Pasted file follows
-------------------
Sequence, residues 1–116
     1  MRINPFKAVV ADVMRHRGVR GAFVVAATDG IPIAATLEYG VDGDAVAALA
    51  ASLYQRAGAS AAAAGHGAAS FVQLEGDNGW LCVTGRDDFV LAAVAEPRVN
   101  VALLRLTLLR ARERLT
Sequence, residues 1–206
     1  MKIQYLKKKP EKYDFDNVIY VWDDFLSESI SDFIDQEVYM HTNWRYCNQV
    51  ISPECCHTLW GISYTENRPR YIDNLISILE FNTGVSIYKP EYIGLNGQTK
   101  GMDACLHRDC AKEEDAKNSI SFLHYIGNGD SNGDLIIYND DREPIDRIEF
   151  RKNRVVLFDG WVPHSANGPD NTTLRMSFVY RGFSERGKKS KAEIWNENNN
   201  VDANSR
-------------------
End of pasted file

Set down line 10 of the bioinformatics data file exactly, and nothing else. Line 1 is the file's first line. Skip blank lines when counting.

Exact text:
   201  VDANSR